5) As a composer, what is the most emotionally taxing part of writing Signs of Life? Is it finding melodic and harmonic ways to pay respect? Or is it translating what is innately dramatic about the ghetto into something unquestionably theatrical? How do you do that?
I think the hardest part of writing the show for me has been my own insufficiency in the face of such horror. For most of the show it’s OK, because I’m dealing with only one character, or two, or nine, or however many, and I feel all right saying, OK, here’s my interpretation of how this character would feel and act in this moment. But near the end of the first act of Signs of Life, one character learns that the thousands of Jews he’s been assigning to transports “to the east” — the Nazis haven’t told him anything else about where they’re going — have ended up in the gas chambers at Auschwitz. And he rends his jacket and says the mourners’ kaddish, the Jewish prayer for the dead. And even though this prayer is usually spoken, since it’s a musical, we figured, OK, he should sing it. And I remember sitting at the piano in my apartment feeling completely overwhelmed and helpless and bursting into tears and crying the whole time I was writing. Because this wasn’t about what one character was feeling or doing; it was about a people mourning millions who had been slaughtered. And I mean, come on, who can write music that does that? I certainly can’t. So I did my best, and I like what I came up with, but I hope I don’t have to do anything like that again for a long, long time.
6) If you were a Holocaust survivor, what would you find hardest to accept about Signs of Life? What elements would speak to you most profoundly and why?
We’ve had Holocaust survivors and even Terezin survivors come see the show, and we’ve always been incredibly nervous, but their reactions have been positive. One man who’d been in Terezin as a child said, “It has the ring of truth.”
But I think that the part of the show that I’d have the most trouble with if I were a survivor — and in some ways the part of the show that I have the most trouble with as it is — is the fact that it was written at all. I’m a staunch atheist and, as far as I’m concerned, the Holocaust happened because there is no God and there is no higher purpose in the universe. But it’s my job as a composer to tell a story that means something. (I should mention that not all my collaborators share my atheism and that the show works from any perspective — atheist, agnostic, theist and everything in between.) I don’t think that the show ends up saying that the Holocaust happened for this purpose or that purpose. But telling the story at all puts you in the land of meaning, which, while it’s not exactly the same as the land of purpose, is still not a comfortable place to be where genocide is concerned. I think what makes me feel okay is the fact that the show deals to a large extent with finding meaning in a world that seems meaningless. One of the characters sings to God, “You really should have said when we began/It doesn’t take Your sacred voice/It only takes the mortal choice/To act as human as you can/To make a man.” And, in the end, I think that’s what the show is about.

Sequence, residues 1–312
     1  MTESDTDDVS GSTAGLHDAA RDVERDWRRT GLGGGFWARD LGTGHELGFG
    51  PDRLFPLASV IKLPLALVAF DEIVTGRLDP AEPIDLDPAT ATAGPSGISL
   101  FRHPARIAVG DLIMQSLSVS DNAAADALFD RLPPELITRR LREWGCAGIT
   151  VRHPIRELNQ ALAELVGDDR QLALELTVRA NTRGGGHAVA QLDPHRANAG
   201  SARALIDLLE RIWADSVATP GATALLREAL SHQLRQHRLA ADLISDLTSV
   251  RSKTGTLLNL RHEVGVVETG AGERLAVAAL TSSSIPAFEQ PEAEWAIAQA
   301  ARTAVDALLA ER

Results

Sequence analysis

Leonard Jacobs is the founder and editor emeritus of The Clyde Fitch Report.